Western Digital make really good hard drives, but where their Elements, Passport and MyBook drives are concerned, they’ve taken a wrong turn. The 2.5″ versions all have proprietary PCB’s on the drives themselves, so there’s no standard micro SATA data and power connectors like you’d expect. The USB connector and LED, plus the interface controller, are on the single board as well! This means you can’t just take the drive out and connect it to another USB to SATA enclosure.

A lot of very modern WD Elements, MyBook and Passport enclosures are now also encrypted, meaning the data can only be accessed when the control board is functioning correctly. In this article I’ll show you how to recover data from a WD Passport (laptop sized drive) enclosure, if the USB connector gets damaged.

1. Disassemble the enclosure, remove the drive, then remove the PCB from the bottom of the drive using a Torx screwdriver.

2. Flip the drive board over, you’ll see the following capacitors. Remove them using a soldering iron or a heatgun, being careful not to overheat or damage anything:

usb-only-western-digital-drive-capacitors

3. Next you need to take a standard SATA connector from another drive, or from a parts supplier (eBay has them in droves, search for COMAX SATA connector). Once you have it, take a look at it, you’ll see long pins and short pins. All the long ones are GROUND pins:

sata-connector-ground-pins

4. From the back side of the PCB (the componentless side which faces away from the drive when fitted), you will see pins E71, E72, E73 and E74, these belong to the SATA data pins. The other four pins marked with a red square belong to ground pins:

usb-only-western-digital-drive-E-pins

5. Now solder everything together, using this pinout:

E71 – Tx+
E72 – Tx-
E73 – Rx-
E74 – Rx+

The SATA standard uses two lines, a positive and negative, for Data TX (Transmit), and two for Data RX (Recieve), each having a separate ground on the ground lines. Use my picture below as a wiring reference:

usb-only-western-digital-drive-finished-wiring

Now all you need to do is use a standard USB cable to power the drive (if your connector is broken you can try soldering the power lines of a USB cable to the port power pins), connect via SATA to your PC, and it should work. NOTE: This WILL NOT work if your drive uses encryption, as that runs through the USB data lines, because we’re bypassing it, it won’t work.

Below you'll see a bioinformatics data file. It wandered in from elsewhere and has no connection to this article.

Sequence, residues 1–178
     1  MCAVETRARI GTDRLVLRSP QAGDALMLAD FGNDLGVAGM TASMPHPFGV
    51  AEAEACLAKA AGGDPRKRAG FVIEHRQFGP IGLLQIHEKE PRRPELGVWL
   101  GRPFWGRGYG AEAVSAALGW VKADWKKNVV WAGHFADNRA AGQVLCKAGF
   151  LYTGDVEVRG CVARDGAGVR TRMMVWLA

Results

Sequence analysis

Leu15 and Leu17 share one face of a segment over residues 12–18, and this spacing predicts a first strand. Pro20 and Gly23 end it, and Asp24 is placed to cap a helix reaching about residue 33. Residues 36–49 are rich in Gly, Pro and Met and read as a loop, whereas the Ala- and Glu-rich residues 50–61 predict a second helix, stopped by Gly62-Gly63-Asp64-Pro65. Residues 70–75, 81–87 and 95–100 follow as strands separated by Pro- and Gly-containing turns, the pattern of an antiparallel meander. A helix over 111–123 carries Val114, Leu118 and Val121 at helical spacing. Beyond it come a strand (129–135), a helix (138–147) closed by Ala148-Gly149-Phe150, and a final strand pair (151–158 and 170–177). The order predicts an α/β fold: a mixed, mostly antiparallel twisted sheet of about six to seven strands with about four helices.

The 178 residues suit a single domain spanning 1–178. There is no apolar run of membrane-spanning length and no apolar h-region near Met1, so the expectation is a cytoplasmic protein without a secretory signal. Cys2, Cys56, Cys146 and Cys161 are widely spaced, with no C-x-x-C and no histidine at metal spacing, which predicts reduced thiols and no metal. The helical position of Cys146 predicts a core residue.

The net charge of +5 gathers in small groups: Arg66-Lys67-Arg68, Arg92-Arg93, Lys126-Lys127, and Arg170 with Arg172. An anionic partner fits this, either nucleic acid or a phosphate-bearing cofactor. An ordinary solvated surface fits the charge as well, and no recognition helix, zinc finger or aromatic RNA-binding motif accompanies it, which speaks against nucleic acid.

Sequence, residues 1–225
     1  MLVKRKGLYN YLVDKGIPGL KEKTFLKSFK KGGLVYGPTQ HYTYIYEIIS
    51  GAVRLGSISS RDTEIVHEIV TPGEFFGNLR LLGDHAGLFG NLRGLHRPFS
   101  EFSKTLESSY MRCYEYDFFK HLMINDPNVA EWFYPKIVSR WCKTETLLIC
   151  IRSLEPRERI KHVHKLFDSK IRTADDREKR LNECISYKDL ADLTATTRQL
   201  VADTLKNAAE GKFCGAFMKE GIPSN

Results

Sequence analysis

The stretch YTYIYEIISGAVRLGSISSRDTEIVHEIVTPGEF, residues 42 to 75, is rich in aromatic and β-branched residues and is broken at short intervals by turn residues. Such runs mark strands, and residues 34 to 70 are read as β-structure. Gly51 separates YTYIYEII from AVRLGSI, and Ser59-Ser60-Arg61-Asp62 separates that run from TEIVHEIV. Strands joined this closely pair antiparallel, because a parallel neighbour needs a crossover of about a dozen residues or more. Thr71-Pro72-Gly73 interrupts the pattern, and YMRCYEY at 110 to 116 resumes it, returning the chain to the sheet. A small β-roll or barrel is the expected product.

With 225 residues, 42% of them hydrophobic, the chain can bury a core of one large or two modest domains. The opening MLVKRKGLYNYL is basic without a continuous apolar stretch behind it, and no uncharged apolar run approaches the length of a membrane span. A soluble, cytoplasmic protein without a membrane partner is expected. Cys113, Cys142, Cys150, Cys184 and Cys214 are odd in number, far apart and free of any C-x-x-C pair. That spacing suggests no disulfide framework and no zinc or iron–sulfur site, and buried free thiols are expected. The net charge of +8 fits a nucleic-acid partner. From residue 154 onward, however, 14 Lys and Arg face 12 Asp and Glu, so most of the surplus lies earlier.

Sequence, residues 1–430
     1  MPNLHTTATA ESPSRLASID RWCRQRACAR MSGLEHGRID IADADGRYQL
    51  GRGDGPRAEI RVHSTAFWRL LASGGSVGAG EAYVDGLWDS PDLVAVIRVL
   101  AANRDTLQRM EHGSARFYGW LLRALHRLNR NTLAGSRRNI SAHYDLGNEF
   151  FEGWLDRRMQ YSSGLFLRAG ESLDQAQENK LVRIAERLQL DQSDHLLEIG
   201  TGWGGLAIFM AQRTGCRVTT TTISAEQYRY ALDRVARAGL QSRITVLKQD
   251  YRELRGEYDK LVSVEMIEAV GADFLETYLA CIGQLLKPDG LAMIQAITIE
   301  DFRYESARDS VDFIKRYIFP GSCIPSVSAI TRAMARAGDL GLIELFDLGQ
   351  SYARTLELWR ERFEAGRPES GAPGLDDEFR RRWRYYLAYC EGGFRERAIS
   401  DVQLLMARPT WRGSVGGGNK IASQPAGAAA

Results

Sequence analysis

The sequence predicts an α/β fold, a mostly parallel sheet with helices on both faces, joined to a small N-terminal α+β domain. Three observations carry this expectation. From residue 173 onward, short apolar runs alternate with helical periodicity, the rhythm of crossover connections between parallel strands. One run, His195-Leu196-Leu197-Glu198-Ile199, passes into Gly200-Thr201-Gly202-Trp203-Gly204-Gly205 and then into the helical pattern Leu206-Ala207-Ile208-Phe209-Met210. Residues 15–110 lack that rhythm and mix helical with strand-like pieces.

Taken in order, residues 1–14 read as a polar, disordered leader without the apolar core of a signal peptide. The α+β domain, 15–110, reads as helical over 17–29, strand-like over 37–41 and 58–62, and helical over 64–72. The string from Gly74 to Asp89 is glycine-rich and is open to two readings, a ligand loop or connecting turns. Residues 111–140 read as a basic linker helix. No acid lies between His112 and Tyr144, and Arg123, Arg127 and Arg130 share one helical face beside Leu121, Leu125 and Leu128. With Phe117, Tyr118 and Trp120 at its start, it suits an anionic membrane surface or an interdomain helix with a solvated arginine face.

You may get some “USB device not recognized” errors. Try connecting the SATA drive to a SATA hotplug port, connecting the data cable first, then the power, once Windows has started. Hotplug ports are usually purple or orange, it depends on the board manufacturer, Gigabytes are purple.

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25 Responses to “Recovering data from WD Elements drive when the USB connector is broken”
  1. Stepan says:

    Is it correct that if connect the drive through the usual USB-SATA adapter, bypassing the controller, you can access the unencrypted data?

    • Tidosho says:

      Some people have said it works, others said not. It depends on the age of your drive, as the more recent ones are encrypted, so bypassing doesn’t work

  2. Kristen says:

    Hi,

    First of all, let me thank you for this informative article, as it has given me some hope in the midst hard drive-heartbreak. During my Peace Corps service in Morocco my computer stopped recognizing my WD Passport, so I put it away until in the hopes that it would be easily fixed in the States. As you can guess, I’m dealing with the proprietary connector issue, and can’t seem to find a place which can retrieve my data locally without paying a ridiculous amount. I do know a little bit about computers, but I don’t have the skills to what you have shown above. Basically, I have 2 years’ worth of photos that I desperately want to retrieve, and am wondering if you can recommend an affordable option, or (if you are willing) I can send it to you. I live in St. Louis, Missouri.

    I know this probably sounds a bit strange, but at this point I will try anything (except spending hundreds of dollars). WD has offered to send me a new hard drive, even after the casing has been opened, but cannot actually retrieve anything. Is it just me, or is that, like, the most ridiculous thing ever? I just don’t know why they manufacture hard drives without SATA ports if working with the proprietary is so difficult…..and they can’t even do it?

    Anyway, thank you again for your time. Any recommendations would be awesomely appreciated, even if you can’t look at the drive yourself. Have a great day.